Am Fam Physician. 2007 Dec 15;76(12):1768.
On the other end of every prescription is a person with a biologic makeup that will react well, poorly, or not at all to the chemical just prescribed.
In older adults, the likelihood of a poor reaction to medication increases with the number of drugs taken together, the exaggerated pharmacologic effect that occurs in this age group, and the general difficulty maintaining homeostasis that sets in as we age.1
In this issue of American Family Physician, the article by Pham and Dickman2 will help physicians find the balance between the potentially lifesaving benefits of medication and the life-threatening complications of these drugs. The authors give practical advice on avoiding overuse, misuse, and underuse of medication in older adults.
They advocate “rocking the boat” when it comes to prescribing in older adults, actively looking for potentially dangerous medicines or combinations rather than waiting until a problem occurs. An aid to identifying unnecessary or risky drugs is the Beers criteria,3 which have become the de facto standard for evaluating drug prescribing in older patients. Although based more on expert consensus than firm outcomes data, the criteria are reasonable and have stood the test of time. Some older patients will benefit from receiving medicines listed as potentially inappropriate; however, the typical older patient will be better off if these drugs are avoided.
There is another category of drugs that does not get as much attention: the “medicines of minimal gain.” Much drug therapy in older adults is to prevent illnesses by decreasing risks that will never affect them. We treat hypertension, hyperlipidemia, osteoporosis, and other risk factors—these are not diseases—just as we would in younger persons. The benefit of these treatments in older patients either has not been evaluated or, if it has, is extremely small at the level of the individual patient. In this context, the adverse effects (e.g., falls from hypotension, esophagitis from bisphosphonates, or cost of lipid-lowering therapy) are not balanced by the potential for benefit.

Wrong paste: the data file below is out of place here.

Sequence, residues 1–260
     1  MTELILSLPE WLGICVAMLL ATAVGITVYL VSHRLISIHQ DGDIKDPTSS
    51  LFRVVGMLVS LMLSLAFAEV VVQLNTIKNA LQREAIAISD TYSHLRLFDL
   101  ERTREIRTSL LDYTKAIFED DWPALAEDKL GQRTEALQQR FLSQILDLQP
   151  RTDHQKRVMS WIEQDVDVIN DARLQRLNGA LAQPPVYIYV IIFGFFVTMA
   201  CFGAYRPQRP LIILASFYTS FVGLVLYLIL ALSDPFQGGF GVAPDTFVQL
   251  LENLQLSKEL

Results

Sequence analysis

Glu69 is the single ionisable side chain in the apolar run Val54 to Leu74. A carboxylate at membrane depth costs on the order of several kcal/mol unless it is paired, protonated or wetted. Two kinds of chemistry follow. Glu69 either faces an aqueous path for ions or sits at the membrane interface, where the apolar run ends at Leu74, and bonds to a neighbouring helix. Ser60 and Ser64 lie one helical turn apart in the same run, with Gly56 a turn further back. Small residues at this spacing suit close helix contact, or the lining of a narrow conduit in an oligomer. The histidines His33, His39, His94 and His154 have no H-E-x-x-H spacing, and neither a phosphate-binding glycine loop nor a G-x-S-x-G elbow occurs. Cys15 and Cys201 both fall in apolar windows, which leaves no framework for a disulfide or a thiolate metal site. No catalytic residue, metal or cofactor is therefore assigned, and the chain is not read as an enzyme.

Geriatric care has been described as the art of taking older adults off drugs they no longer need. This should be the goal of medication management in older patients. A stack of prescriptions should be accompanied by an instruction sheet that includes a list of medicines to be discontinued.
1. Taffett GE. Physiology of aging. In: Cassel CK, ed. Geriatric Medicine: An Evidence-Based Approach. 4th ed. New York, NY: Springer, 2003.
2. Pham CB, Dickman RL. Minimizing adverse drug events in older patients. Am Fam Physician. 2007;76:1837–44.
3. Beers MH. Explicit criteria for determining potentially inappropriate medication use by the elderly. An update. Arch Intern Med. 1997;157:1531–6.
Copyright © 2007 by the American Academy of Family Physicians.
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